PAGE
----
Collaborative problem solving: A pedagogy for workplace relevance




collaborative problem solving, situated learning, instruction, case studies


Collaborative problem solving (CPS) is a widely used pedagogical approach in work-based learning. To facilitate the complex process of situated learning, researchers have emphasized the need for scaffolding to enable learning of skills while engaged in problem-solving. While CPS as a pedagogical practice has mainly been examined in classroom situations, a research gap exists in studies of CPS in real-world contexts. In this study, we contribute to the understanding of CPS by examining the contextual characteristics that shape students’ and teachers’ experiences in situated learning. Consequently, we present a multi-case study to investigate involvement of a business professional as a source for scaffolding on site, in a hotel business environment. We employed a qualitative, multi-case methodology in the study. An ill-structured, real-world problem of food waste in the hotel service sector was presented to students (N = 72) and their accompanying teachers (N = 9) from second and tertiary education. They were provided with access to expert knowledge and opinion by industry professionals (N=5) on site. We collected data via observations, interviews, and questions from the involved stakeholders in three physical locations in Denmark and in Finland. Additionally, we documented their experiences using an online collaboration tool in each case. Despite the scaffolding provided by the business professionals, students underused the resources available for their learning in the extended learning environment. Students benefited from guided exploration of the problem space, structured feedback, and teacher interventions, resulting in improved perspective taking, participation, social regulation, task regulation and knowledge building.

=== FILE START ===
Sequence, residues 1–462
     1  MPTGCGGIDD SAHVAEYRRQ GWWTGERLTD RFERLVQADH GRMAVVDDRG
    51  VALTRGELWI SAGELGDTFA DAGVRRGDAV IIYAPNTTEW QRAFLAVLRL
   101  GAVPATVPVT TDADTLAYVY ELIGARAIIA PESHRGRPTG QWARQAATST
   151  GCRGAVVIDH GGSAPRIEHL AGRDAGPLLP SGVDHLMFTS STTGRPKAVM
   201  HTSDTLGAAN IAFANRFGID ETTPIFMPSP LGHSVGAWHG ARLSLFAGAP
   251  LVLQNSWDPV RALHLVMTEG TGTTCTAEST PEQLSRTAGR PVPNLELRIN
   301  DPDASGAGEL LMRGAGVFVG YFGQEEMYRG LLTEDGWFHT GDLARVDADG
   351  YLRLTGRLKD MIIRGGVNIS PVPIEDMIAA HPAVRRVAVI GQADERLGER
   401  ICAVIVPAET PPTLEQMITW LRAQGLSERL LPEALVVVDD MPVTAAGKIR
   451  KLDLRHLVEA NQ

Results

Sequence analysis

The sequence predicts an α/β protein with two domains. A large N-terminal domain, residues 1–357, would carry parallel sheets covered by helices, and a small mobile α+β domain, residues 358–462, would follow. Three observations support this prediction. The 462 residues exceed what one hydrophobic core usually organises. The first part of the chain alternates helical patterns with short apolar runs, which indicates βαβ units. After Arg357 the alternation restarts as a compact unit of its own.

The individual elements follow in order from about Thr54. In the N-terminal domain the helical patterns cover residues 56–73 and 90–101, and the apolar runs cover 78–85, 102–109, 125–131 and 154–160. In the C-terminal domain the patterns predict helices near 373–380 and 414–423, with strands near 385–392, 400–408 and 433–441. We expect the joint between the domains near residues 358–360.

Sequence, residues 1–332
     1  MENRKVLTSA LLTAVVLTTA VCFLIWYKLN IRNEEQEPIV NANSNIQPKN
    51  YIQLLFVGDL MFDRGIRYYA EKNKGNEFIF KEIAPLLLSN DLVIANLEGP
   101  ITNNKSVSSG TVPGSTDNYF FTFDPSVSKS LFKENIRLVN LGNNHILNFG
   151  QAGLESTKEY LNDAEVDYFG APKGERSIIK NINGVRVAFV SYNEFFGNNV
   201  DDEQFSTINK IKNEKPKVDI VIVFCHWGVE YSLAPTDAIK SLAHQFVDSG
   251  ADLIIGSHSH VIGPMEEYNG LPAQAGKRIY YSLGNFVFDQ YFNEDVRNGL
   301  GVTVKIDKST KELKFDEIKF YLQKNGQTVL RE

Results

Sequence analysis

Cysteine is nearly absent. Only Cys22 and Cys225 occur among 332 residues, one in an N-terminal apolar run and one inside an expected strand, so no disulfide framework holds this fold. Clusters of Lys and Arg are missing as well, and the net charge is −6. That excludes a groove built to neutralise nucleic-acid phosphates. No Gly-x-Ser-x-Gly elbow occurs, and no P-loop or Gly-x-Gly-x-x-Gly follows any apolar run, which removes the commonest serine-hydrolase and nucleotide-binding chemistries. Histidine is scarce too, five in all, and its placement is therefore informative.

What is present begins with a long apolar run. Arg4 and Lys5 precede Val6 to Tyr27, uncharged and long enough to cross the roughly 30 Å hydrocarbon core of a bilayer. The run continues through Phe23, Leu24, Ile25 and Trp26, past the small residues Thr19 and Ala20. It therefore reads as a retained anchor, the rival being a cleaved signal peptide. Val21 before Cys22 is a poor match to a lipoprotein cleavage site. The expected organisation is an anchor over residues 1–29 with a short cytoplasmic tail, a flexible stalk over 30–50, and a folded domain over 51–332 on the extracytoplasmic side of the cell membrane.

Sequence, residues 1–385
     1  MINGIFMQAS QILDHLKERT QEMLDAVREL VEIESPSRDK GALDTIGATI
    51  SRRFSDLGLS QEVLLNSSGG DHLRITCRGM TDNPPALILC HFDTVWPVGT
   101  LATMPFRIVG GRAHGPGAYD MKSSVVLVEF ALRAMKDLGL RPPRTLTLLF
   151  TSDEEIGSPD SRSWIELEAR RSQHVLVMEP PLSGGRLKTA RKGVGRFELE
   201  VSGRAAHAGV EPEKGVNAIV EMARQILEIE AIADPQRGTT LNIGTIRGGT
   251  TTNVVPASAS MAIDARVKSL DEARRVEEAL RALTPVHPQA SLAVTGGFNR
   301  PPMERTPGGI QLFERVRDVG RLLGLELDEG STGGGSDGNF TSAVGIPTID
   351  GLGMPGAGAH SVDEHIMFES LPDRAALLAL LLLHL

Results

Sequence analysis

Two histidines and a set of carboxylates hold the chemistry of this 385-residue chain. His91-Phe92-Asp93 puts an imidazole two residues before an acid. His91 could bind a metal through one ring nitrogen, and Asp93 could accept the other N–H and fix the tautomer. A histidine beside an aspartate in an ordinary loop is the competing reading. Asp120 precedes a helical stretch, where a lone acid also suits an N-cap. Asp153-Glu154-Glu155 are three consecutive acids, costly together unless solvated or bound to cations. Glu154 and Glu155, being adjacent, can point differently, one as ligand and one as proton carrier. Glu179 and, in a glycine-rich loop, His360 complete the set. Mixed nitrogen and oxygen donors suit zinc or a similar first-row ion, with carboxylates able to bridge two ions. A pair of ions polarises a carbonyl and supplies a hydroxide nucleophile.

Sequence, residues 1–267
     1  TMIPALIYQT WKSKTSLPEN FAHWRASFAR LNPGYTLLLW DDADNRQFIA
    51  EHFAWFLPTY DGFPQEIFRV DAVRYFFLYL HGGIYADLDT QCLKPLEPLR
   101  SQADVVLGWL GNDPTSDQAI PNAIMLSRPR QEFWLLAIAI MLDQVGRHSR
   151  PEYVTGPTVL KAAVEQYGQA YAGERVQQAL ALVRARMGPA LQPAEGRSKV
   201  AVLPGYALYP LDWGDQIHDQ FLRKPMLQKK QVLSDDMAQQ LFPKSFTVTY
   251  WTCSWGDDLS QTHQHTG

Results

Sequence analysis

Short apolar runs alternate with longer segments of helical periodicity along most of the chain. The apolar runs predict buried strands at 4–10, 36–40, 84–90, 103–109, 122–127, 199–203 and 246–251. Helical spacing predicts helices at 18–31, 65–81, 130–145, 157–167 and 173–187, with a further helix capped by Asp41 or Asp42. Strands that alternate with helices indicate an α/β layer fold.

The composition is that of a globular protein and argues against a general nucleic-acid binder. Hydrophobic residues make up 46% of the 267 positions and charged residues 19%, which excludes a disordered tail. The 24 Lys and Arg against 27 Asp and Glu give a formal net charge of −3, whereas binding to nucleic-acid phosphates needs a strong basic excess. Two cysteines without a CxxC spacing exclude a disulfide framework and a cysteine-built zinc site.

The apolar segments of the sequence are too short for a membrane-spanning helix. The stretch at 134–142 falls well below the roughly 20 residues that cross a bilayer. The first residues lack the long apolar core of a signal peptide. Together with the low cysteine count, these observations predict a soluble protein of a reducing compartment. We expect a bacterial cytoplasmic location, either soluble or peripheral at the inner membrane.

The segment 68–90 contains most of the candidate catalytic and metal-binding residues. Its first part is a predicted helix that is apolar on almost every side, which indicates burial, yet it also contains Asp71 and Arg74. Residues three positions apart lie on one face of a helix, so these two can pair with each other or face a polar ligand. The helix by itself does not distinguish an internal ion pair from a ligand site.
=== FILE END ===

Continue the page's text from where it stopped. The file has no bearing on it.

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How to Cite

Halttunen, T., Dragin-Jensen, C., Kylänpää, C., & Karkov, A. (2023). Collaborative problem solving: A pedagogy for workplace relevance. Nordic Journal of Vocational Education and Training, 13(2), 45–73.



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